JAPAN HANGS TWO MORE ON DEATH ROW
October 28, 2008: Japan hanged two more death-row inmates as the country steps up executions to a pace unseen in three decades, despite an ongoing UN review of its rights record.
The country, which has one of the world's lowest crime rates, is the only major industrial nation other than the United States to use the death penalty. Its use is widely supported among the Japanese public.
Today's executions were the first since conservative Prime Minister Taro Aso took office last month.
"The executions were carried out after we repeatedly gave full, cautious and appropriate consideration," Justice Minister Eisuke Mori told reporters.
Today's hangings brought to 15 the number of people executed this year, the highest total since 1975 when Japanese authorities hanged 17 people.
The executed inmates were Michitoshi Kuma, 70, and Masahiro Takashio, 55, the justice ministry said.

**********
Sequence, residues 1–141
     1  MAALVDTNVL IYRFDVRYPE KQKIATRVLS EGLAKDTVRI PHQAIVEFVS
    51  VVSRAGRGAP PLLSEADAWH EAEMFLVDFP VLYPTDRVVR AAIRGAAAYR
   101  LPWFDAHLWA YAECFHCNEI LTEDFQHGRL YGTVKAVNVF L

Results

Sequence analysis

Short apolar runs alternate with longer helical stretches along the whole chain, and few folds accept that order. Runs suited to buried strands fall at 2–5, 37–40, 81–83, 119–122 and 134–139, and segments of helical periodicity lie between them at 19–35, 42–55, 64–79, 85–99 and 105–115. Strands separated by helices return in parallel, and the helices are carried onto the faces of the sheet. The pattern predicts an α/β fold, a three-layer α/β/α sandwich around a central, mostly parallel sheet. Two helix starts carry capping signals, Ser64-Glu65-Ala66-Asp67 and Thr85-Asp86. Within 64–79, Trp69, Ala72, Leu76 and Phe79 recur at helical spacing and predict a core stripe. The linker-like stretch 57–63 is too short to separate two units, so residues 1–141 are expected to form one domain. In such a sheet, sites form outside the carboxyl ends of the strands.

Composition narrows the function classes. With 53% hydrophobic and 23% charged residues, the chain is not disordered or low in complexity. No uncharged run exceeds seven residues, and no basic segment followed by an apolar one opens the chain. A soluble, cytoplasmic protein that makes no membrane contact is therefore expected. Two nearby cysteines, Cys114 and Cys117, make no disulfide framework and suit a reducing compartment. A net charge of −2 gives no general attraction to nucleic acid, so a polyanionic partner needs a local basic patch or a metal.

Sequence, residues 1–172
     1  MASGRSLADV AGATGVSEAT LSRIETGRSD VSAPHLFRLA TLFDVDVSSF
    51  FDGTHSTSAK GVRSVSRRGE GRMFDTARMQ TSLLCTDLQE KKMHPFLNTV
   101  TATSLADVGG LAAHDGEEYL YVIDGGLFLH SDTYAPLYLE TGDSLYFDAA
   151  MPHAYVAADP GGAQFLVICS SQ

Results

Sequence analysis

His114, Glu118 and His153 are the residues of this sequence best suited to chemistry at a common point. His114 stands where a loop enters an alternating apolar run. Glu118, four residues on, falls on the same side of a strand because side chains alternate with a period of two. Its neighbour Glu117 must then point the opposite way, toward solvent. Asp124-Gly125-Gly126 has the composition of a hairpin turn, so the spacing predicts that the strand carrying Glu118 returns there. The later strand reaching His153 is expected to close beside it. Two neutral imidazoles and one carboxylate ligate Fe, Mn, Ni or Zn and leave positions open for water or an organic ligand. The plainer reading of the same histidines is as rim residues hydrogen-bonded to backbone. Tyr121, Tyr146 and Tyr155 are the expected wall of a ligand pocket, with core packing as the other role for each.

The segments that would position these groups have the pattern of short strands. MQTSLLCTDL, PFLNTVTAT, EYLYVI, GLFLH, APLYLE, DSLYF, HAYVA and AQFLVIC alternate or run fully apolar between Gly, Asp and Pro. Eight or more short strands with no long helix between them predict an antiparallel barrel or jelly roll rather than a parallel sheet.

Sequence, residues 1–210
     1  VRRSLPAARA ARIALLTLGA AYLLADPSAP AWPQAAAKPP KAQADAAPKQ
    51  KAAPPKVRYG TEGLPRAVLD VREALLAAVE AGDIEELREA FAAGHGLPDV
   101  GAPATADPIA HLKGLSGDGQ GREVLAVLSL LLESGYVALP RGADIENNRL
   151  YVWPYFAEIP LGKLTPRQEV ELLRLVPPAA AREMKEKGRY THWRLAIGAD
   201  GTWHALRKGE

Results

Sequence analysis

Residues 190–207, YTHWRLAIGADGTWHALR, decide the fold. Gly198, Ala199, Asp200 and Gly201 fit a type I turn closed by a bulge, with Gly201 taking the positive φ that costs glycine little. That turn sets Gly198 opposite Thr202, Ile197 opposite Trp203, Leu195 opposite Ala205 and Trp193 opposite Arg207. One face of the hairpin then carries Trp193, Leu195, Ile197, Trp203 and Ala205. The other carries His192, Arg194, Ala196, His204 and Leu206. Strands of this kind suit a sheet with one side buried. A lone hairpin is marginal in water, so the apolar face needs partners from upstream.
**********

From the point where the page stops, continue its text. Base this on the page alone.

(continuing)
Kuma was convicted of kidnapping and killing two girls, both seven, in 1992 in western Fukuoka prefecture. Takashio stabbed an elderly woman and her daughter to death in northern Fukushima prefecture in 2004 to get money.
Mori denied that Japan was trying to speed up the pace of executions.
"I did not take the timing or space (in between executions) into account at all," he said.
Following the latest executions, Japan has 101 inmates on death row.
Under Japanese law, the justice minister must sign off on every execution. At the time of his appointment as justice minister, Mori said he would "solemnly carry out" his duties on the death penalty.
Japan had a de facto moratorium on executions for 15 months until 2006 because the then justice minister, Seiken Sugiura, said the death penalty went against his Buddhist beliefs.
Last year, Japan executed nine convicted killers. (Sources: AFP, 28/10/2008)